There are, in a sense, two Webers.
There are, in a sense, two Webers. The inspired musical dramatist is familiar - and the focus, in this first week of the Edinburgh Festival, of concert performances of all three of his big Romantic operas. But Weber was also a famous pianist and wrote some staggering virtuoso numbers, not only for piano but also, notably, for clarinet - and, in the case of the Grand Duo Concertant, for piano and clarinet together.
This performance was a shopwindow for the Belgian clarinettist Ronald Van Spaendonck. He is one of those artists whose technical capacities are limitless. His boundless confidence expresses itself in shimmying body movements, ironic smiles and dazzling cascades of notes in all registers, dodging into mezza voce when the mood takes him, always sunny and spontaneous. His playing is fluent and witty - but perhaps not profound.
Fortunately, it's quite convincing in this optimistic music. The composer, in his instrumental pieces, is like the final and supreme apotheosis of a whistling ploughboy. He breaks continually into coy lyricism, lilting and dancing with careless ease. Both artists - the pianist was Dejan Lazic - revelled in it and the work ended with a competition for who could play fastest.
Van Spaendonck also performed Weber's Clarinet Quintet with the Zehetmair Quartet. But this is not really a quintet: it's another clarinet romp, and the player enjoyed himself richly, with very quiet, very fast chromatic scales and passages of sly charm and almost unbelievable brilliance.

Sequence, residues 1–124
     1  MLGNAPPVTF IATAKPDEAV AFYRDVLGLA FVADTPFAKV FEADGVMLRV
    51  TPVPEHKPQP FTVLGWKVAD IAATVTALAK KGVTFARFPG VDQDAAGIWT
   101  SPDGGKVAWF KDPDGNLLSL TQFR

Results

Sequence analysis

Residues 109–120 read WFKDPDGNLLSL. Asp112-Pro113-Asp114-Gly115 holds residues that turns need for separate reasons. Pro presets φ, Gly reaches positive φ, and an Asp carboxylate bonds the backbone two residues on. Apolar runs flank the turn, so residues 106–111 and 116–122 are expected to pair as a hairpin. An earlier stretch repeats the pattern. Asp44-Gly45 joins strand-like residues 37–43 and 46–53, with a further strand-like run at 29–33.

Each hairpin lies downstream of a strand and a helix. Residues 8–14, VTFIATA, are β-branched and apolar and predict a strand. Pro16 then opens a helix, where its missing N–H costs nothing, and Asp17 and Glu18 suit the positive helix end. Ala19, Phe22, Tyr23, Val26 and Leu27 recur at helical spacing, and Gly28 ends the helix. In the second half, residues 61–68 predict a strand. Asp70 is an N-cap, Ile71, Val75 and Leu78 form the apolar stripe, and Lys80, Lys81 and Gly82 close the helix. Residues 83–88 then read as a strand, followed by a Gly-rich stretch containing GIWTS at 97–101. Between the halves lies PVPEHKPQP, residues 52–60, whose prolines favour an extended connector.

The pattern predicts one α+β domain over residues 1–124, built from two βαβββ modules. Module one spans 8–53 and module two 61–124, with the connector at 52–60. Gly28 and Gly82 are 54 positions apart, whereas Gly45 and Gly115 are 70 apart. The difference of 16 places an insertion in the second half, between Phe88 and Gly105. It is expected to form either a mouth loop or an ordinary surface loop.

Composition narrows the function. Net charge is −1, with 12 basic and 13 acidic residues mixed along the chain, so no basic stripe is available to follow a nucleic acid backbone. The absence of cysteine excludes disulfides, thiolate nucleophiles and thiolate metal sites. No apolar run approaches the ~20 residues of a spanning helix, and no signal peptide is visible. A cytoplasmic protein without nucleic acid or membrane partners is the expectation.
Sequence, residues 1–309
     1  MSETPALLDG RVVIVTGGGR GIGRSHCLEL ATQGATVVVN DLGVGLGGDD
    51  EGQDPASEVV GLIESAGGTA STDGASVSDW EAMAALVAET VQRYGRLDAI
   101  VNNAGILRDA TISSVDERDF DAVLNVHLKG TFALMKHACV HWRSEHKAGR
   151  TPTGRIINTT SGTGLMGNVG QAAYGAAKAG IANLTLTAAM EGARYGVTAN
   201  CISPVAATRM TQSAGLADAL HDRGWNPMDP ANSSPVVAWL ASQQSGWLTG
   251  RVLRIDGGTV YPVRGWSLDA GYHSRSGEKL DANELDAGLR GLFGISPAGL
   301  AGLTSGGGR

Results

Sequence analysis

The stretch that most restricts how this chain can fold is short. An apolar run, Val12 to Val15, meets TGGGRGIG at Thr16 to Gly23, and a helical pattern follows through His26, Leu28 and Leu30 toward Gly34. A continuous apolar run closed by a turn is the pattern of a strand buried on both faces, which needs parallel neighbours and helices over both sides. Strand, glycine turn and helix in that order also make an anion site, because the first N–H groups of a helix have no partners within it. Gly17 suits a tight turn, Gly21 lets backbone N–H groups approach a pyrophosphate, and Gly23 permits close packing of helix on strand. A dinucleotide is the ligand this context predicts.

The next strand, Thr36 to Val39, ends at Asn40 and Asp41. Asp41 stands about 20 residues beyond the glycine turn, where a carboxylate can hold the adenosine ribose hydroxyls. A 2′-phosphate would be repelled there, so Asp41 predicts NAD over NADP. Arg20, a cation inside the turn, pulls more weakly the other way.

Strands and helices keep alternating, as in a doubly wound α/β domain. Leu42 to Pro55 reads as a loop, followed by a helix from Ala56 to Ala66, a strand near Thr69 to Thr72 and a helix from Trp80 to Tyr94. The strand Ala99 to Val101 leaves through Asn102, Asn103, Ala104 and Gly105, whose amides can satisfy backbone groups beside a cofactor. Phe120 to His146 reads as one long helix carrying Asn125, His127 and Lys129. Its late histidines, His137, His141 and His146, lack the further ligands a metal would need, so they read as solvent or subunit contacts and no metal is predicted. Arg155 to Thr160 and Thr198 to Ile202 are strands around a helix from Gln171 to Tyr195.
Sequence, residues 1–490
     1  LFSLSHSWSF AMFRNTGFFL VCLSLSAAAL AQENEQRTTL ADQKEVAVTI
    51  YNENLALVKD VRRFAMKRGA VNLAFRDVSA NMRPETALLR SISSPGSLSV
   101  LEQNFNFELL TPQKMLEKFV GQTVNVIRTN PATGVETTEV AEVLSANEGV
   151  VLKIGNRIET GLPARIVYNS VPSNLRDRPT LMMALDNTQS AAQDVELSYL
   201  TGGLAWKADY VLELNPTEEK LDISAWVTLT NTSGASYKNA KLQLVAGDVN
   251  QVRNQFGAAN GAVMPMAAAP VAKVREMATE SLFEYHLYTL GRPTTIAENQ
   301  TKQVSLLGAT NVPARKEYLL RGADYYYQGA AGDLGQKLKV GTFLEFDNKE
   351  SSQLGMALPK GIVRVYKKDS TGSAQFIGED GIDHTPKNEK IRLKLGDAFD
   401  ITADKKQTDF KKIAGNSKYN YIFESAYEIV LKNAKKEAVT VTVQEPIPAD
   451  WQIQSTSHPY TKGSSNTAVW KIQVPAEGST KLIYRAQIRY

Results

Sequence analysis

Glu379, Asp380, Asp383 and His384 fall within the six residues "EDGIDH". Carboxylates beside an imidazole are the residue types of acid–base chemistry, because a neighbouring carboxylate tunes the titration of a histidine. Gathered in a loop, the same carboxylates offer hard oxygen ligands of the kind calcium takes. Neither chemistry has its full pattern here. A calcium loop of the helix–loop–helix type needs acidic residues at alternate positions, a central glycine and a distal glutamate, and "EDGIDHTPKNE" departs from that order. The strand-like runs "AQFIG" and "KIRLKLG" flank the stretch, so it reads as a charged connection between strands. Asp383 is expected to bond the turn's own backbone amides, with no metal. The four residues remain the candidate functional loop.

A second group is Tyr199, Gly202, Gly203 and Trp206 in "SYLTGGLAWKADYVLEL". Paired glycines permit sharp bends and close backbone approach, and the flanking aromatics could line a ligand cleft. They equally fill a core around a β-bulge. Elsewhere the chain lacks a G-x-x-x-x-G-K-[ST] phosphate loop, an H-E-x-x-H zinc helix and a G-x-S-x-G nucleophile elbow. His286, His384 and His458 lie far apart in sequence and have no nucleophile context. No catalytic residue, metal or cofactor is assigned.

Earlier, Lazic played the F minor Konzertstück for piano and orchestra, partnered by the Northern Sinfonia. This was straightforward fluency rather than drama. Thomas Zehetmair, leader of the quartet, conducted, capturing the boyish, noisy exuberance of Weber's orchestration and making room for some memorable solos. Weber, himself an oboist, wrote oboe parts full of deft charm, superbly played by the orchestra's principal.
There was also a real rarity - the First Symphony. This, too, had some oboistic delights, especially a little rhythmic tag in the scherzo whose continual recurrence always brought a smile. The last two movements were unexpectedly fine, illustrating the fertile mind of the 20-year-old master.
But maybe the concert was a bit too long. There was also the Horn Concertino, delicately played by David Pyatt, and the Abu Hassan overture. All sunshine, of course, from this composer who somehow, even when portraying sinister magic bullets and wolf's glens, always warmed the heart.
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